1. The problem
In Germany, in case of non-compliance with labeling or registration requirements possible authority action is neither the only nor the largest threat for a company placing products on the market. The sharp sword to protect against is rather injuctive relief sought by a competitor. We have seen in recent practice that companies increasingly use this possibility to try to stop their competitors from selling products on the German market. This tendency is favored by the ever-growing complexity and inconsistency of labeling requirements.
2. Labeling and registration requirements
As regards proper labeling, most requirements that apply in Germany are the same as in other EU Member States. Many products must be labeled with the CE marking and sometimes, in addition, a Declaration of Conformity with applicable laws has to be provided; electrical and electronic consumer equipment will need the crossed-out wheelie bin; consumer products must bear the company address and contact information. For some products, such as IT/C equipment, chemicals and batteries, to name a few, additional labeling requirements apply.
Typical questions arise with regard to whether the required information is at the right place (product, packaging, manuals) and whether all required information has indeed been considered, e.g. the name of the legal entity placing product on the relevant market and a contact address in the EU.
Sometimes, importers of products overlook registration requirements such as the requirement to register as producer of electrical and electronic equipment or importer of batteries. Such omissions may also happen because of a false understanding of the scope of such registration obligations.
3. A dangerous German peculiarity: Third-party claims to stop product sales
Non-compliance with labeling or registration requirements may not only result in administrative fines but also in claims by competitors and consumer protection organizations or other interest groups under Section 4 no. 11 German Unfair Competition Act ("GUCA").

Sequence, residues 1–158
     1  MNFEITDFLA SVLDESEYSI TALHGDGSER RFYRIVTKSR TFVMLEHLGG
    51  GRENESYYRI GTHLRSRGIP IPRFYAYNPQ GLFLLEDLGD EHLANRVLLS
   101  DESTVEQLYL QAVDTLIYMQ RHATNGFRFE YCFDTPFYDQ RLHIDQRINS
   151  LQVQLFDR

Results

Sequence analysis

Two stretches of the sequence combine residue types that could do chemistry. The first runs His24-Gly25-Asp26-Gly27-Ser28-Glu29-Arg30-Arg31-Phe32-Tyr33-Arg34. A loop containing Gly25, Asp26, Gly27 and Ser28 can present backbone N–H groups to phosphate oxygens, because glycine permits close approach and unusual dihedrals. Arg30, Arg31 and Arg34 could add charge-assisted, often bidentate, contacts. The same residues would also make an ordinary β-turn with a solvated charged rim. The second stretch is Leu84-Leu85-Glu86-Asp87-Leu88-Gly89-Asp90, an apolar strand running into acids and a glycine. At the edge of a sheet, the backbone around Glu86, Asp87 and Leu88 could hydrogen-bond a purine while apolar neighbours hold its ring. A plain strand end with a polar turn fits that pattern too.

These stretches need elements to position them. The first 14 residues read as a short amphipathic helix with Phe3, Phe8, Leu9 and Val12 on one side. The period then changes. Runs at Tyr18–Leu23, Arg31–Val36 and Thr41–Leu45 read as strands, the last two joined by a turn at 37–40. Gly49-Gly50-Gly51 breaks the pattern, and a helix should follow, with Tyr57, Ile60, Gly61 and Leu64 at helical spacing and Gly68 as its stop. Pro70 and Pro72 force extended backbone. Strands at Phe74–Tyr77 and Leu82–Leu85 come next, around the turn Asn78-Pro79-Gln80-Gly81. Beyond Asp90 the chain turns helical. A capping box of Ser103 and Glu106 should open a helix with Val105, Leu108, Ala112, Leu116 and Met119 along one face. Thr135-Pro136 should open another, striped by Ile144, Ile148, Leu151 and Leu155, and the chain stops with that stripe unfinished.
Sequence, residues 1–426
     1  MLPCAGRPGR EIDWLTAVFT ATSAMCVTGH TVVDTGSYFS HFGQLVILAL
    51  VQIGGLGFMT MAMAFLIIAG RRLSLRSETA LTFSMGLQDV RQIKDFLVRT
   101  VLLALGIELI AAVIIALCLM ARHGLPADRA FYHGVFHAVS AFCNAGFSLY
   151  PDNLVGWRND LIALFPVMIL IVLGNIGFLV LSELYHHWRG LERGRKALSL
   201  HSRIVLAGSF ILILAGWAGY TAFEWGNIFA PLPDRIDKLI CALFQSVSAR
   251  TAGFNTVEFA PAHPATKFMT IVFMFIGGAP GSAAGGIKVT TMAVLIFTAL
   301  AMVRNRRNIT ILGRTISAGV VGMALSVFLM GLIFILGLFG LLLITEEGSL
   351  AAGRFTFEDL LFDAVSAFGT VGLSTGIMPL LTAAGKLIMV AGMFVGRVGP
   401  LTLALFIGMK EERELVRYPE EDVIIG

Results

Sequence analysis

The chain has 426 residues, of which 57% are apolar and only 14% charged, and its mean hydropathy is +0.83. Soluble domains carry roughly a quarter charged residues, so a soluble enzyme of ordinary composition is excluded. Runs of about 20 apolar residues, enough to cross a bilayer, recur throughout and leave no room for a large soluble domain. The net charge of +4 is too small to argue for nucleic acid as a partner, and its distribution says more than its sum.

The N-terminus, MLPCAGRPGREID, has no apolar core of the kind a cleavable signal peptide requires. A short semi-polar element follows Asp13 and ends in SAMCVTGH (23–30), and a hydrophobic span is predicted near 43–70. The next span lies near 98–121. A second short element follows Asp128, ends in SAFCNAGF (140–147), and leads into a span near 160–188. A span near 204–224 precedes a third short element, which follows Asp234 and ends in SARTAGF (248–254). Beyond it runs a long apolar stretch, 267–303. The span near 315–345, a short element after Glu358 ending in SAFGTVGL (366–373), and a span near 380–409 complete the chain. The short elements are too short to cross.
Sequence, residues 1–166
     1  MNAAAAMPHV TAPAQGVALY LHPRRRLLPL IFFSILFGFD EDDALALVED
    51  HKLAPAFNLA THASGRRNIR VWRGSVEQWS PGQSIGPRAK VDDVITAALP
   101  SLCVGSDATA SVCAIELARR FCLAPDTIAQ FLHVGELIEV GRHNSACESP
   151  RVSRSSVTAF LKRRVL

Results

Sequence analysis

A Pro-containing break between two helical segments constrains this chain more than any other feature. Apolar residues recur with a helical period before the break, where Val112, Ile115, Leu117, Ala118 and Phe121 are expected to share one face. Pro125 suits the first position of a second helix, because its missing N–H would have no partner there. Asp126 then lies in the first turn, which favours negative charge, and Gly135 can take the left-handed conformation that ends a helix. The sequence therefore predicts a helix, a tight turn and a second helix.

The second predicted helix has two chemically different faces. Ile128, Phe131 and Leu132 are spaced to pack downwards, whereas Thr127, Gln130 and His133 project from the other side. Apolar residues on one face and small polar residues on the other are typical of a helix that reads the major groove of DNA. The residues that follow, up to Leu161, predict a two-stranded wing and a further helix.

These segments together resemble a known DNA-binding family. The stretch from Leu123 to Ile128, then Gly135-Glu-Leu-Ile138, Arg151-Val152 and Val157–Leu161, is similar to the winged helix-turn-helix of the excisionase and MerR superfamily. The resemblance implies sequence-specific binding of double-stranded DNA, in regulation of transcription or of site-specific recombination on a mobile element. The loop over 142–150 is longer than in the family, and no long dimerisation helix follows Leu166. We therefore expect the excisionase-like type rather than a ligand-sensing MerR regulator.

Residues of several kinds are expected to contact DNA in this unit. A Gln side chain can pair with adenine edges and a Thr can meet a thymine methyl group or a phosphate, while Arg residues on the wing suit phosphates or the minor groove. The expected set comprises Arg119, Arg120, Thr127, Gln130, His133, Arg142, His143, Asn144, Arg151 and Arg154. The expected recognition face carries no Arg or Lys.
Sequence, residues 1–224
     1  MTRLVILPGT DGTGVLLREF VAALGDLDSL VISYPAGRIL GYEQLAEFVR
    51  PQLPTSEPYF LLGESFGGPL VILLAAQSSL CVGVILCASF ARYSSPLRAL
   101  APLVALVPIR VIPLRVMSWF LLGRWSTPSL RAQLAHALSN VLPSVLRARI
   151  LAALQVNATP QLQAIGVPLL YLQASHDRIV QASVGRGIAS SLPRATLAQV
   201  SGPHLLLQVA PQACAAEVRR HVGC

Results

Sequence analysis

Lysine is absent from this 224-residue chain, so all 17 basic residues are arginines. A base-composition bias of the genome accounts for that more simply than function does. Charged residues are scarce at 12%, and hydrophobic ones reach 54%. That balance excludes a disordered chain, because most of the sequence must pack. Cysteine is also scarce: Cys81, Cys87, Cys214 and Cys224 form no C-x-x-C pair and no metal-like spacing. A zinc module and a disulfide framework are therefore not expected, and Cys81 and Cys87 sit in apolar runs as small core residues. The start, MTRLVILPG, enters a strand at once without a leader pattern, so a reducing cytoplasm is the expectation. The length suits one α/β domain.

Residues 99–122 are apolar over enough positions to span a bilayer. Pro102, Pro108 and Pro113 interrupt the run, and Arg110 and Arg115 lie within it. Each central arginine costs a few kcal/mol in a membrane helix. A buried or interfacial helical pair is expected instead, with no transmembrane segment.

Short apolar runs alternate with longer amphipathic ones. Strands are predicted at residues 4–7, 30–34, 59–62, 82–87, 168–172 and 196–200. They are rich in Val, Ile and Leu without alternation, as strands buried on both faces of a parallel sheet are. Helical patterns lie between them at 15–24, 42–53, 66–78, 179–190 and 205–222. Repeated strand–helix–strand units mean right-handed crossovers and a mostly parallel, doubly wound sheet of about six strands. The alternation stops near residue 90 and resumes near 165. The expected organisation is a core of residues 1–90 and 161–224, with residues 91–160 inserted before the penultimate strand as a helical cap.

According to Section 4 no. 11 GUCA, infringement of a market conduct rule is deemed to be an unfair business practice. A statutory provision only qualifies as a market conduct rule if it also – not necessarily primarily – aims at “protecting the integrity of competition” or if it serves consumer protection purposes. Whether labeling and registration requirements also aim to govern market conduct needs to
Non-Compliance with product labeling and registration requirements Public Law & Intellectual Property, Germany
Non-Compliance with product labeling and registration requirements
be assessed on a case-by-case basis. As a general rule, it is a fair statement to say that German courts tend to consider labeling and registration requirements as either aiming at protecting the integrity of competition or as serving consumer protection purposes. For instance, the manufacturer's obligation under the German law implementing the take-back obligation for electrical and electronic equipment (WEEE) to register with the EAR foundation (German national clearing house) before placing on the market such equipment and the obligation to label medical devices with the CE-mark have been found to constitute market conduct rules according to Sec. 4 no. 11 GUCA.